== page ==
- Associated Press - Friday, February 7, 2014

HILO, Hawaii (AP) - A Hilo clinic offering medical care tailored to Native Hawaiians plans to shut down next month after years of struggling with finances and a crippling doctor shortage.

Hui Malama Ola Na Oiwi will continue programs aimed at helping Native Hawaiians obtain health services. That includes a transportation program, which picks up patients living in rural areas and takes them to medical appointments.

But it will close its primary care clinic on March 8.

“We’ve been dealing with this, struggling to maintain our clinic, for many, many years,” said executive director Michelle Hiraishi. “All the community health providers have been facing this kind of struggle.”

About 400 patients visit the clinic each month, the Hawaii Tribune-Herald (https://bit.ly/1gUkJAs) reported. Nearly 80 percent are covered by Medicare or Medicaid. Two percent are uninsured.

Traditional community health centers enjoy higher reimbursement rates from Medicare and Medicaid. But Hiraishi said Hui Malama must cover its costs as if it were a private practice.

The clinic has relied on advanced practice registered nurses because of the doctor shortage, but that means that many patients who come in with advanced illnesses must be referred to other providers.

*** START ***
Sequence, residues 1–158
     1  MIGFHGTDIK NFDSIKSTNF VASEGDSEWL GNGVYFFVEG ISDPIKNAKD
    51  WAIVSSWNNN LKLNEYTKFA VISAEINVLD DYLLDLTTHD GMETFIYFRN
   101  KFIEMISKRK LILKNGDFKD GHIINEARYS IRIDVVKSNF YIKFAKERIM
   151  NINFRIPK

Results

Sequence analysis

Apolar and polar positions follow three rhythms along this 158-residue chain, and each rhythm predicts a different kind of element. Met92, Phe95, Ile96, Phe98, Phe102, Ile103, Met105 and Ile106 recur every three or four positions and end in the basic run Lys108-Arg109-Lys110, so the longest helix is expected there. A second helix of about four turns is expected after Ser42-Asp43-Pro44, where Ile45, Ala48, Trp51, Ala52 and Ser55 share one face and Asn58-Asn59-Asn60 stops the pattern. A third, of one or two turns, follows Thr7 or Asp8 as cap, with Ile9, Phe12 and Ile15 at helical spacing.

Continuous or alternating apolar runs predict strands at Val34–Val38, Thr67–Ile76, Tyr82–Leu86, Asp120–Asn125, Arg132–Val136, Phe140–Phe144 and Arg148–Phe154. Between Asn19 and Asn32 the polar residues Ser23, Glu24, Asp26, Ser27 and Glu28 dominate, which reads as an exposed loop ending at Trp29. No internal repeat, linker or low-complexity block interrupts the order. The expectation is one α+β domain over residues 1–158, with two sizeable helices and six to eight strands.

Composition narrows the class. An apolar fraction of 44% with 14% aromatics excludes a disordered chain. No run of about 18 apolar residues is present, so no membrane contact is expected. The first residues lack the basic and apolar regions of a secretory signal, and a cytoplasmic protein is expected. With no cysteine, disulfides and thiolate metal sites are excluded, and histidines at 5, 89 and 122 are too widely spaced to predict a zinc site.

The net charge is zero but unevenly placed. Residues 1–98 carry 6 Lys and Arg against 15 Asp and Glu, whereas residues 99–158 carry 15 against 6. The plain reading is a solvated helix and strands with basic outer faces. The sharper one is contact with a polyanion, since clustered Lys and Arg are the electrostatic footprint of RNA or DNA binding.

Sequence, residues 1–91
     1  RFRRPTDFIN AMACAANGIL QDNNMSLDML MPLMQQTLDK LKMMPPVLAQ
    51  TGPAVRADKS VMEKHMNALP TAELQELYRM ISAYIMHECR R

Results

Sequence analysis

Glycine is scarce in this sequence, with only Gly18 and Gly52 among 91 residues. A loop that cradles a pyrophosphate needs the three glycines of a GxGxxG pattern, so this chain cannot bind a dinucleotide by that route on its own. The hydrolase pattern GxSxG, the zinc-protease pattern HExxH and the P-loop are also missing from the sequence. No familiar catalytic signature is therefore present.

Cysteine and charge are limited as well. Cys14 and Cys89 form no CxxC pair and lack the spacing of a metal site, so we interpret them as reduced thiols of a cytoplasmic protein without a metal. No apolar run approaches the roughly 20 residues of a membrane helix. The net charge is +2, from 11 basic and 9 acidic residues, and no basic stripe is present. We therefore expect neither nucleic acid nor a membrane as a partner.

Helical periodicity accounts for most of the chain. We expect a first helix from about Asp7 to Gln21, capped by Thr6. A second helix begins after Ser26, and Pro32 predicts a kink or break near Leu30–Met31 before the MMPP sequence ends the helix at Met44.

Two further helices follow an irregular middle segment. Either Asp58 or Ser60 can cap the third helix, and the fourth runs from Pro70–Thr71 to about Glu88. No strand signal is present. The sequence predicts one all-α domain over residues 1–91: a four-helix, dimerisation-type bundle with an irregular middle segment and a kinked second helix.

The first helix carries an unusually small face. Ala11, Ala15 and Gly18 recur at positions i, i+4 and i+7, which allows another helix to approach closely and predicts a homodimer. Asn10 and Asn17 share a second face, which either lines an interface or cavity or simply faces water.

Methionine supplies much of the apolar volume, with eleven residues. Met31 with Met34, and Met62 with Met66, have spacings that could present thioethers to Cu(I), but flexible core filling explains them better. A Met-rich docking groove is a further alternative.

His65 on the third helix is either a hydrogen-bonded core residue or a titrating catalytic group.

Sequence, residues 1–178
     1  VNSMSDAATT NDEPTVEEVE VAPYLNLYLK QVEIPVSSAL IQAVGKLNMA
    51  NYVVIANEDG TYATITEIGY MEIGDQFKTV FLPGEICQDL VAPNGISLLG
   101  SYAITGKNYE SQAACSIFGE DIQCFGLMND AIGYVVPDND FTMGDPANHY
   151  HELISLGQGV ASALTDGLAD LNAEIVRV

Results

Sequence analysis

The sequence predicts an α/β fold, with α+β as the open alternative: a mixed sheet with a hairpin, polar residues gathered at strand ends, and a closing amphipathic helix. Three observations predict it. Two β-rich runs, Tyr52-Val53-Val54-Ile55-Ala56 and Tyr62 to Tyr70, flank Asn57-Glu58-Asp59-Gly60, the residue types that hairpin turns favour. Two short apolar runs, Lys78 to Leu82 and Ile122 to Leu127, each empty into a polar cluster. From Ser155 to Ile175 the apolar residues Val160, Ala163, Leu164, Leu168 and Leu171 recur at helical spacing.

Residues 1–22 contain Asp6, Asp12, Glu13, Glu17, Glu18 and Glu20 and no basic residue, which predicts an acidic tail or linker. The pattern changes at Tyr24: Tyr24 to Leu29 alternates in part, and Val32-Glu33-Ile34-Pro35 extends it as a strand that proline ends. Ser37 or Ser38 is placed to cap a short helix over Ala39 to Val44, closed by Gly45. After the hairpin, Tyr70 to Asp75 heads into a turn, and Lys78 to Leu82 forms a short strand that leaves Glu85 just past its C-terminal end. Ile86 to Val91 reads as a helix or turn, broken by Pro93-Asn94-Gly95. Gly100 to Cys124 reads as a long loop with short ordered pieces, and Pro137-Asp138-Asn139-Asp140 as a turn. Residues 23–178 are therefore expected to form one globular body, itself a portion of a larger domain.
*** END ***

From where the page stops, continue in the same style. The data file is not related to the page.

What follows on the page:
“At times, we’ve been able to get an M.D.-level provider on board, but we just have not been able to retain them usually,” Hiraishi said.

The nonprofit’s board ultimately decided, after several attempts to keep the clinic in operation, that it would be best to keep Hui Malama’s focus centered on outreach and education efforts, rather than on providing primary care, she said.

“It was a really, really lousy, hard decision for our board to have to make, and it came after five years of trying something else every time. We were just struggling to survive,” she said.

Five clinic staffers will be left without work. They will be allowed to apply for some of the new positions that will open up at Hui Malama’s other locations, she said, although their skill sets may be different from those required for the new jobs.

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Information from: Hawaii Tribune-Herald, https://www.hawaiitribune-herald.com/


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